fanbois mode active (sorry)
The app store idea adds a lot of value for "normal" consumers:
1. apple checks things for malware, viruses, backdoors, etc. Whereas anything you download from the internet at large has always been a crapshoot. Apple has been lucky that malware usually targets windows, but that won't last forever and I think they want to change people's habits before it's too late. The walled garden keeps you in, but it can also keep bad guys out.
2. Apple checks that the app at least does what it says on the tin and has a rating system to keep sellers from being dishonest or misleading.
3. It's a single place where you can compare apps and make selections. You have all the choices in front of you at once and you can make a decision (on features, price, screenshots, ratings) without wondering if you're missing something. (Admittedly, that's only a feeling. In fact you are missing out on choosing from non-mac-store apps.)
4. iOS apps are dirt cheap, often free, so you can try out a lot of stuff with no financial risk. if you decide an app is important enough to pay for a nifty feature or to get screen real estate back from the ads, you can make that choice after you've had a chance to try out the cheaper/free stuff first.
One hopes that apple will go father:
A. It would be awesome of mac apps adhered well to apple's HIG. The minimalism of iOS apps is refreshing and one hopes that mac store apps will find a nice middle ground of maximum utility with the minimum of buttons, tabs, menus, pop-ups, etc.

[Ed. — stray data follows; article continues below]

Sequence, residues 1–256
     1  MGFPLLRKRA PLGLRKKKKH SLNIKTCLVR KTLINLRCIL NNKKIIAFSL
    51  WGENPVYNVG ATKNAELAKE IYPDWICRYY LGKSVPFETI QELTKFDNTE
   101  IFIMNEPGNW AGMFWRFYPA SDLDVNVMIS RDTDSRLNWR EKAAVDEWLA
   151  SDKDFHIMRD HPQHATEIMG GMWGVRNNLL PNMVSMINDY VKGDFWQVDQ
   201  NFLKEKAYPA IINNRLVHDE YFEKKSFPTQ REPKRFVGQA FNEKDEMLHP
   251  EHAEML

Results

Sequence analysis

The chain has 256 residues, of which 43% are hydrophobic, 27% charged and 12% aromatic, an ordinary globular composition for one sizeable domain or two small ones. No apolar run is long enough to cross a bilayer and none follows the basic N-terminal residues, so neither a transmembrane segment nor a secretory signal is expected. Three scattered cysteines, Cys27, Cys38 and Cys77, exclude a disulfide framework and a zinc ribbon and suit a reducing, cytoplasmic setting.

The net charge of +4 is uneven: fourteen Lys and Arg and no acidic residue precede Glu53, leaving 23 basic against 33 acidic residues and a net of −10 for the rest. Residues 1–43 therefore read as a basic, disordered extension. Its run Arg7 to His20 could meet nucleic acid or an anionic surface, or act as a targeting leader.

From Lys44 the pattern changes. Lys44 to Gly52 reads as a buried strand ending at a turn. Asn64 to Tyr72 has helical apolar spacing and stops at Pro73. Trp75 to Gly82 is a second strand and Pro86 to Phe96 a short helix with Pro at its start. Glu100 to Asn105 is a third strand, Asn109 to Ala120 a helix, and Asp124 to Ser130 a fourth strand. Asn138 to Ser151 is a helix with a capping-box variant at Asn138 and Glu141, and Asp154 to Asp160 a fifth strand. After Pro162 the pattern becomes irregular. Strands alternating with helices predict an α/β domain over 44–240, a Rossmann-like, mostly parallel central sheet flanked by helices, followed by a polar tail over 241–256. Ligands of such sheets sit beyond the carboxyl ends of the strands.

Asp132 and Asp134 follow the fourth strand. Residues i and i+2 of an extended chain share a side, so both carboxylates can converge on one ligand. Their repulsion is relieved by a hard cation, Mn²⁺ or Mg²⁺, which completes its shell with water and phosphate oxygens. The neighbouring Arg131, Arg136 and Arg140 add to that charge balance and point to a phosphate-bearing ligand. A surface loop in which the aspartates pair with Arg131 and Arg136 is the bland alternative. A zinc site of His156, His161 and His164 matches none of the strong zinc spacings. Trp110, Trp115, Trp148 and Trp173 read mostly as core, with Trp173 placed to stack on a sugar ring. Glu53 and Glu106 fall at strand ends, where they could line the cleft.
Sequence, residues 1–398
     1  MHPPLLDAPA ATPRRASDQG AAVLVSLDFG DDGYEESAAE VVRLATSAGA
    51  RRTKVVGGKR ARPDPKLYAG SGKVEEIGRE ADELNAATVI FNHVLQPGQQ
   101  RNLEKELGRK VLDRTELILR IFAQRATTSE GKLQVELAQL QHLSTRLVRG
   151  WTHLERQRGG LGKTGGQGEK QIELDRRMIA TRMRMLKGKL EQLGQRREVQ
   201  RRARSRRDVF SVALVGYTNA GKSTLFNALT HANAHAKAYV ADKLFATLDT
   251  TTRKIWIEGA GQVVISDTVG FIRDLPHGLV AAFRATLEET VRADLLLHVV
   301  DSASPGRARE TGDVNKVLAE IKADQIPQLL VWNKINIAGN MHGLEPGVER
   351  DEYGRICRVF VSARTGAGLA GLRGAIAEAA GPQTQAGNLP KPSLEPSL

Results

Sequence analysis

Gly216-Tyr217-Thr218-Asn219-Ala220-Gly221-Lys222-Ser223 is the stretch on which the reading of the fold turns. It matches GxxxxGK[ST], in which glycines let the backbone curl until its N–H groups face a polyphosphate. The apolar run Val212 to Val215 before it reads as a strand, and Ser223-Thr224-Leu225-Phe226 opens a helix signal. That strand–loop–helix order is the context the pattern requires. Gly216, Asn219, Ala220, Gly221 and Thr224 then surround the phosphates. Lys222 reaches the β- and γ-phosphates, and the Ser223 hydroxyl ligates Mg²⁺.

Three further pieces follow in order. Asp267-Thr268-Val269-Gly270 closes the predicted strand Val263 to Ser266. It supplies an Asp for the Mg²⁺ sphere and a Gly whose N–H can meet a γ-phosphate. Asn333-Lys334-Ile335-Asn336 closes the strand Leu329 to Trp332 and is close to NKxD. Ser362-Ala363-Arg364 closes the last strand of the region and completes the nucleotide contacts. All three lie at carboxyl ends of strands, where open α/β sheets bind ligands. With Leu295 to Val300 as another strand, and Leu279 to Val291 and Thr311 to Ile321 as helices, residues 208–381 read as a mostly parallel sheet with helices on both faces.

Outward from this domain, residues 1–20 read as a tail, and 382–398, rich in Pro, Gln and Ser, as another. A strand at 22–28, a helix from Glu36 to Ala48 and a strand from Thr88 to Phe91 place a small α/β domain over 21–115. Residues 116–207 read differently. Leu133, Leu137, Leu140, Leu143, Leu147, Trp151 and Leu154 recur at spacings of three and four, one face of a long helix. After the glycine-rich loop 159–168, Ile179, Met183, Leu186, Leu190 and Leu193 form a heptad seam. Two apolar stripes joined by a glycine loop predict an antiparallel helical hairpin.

B. Non-lame games. iOS app store is game-console-like in that, with only a few exceptions, any app can run on any iPhone or iPad. They have made one division of the space for iPad-only devices and that's it. But I think the mac store should be more fine-grained and have an idea of your mac's performance and steer you toward apps & games which guaranteed not to stutter or have miserable frame-rates. (The devs have an interest here also: they don't want user hardware problems dragging down their ratings.)
C. Repeating the middle ground thing vis a vis file systems, there is a huge disconnect between the number of files exposed to users on the mac (thousands upon thousands) and the iOS approach of having almost no files at all visible. I'm not sure what the answer is, but there should be some concept of accessing the same data from different apps, but without making the user navigate a hierarchy or see all the irrelevant files along the way.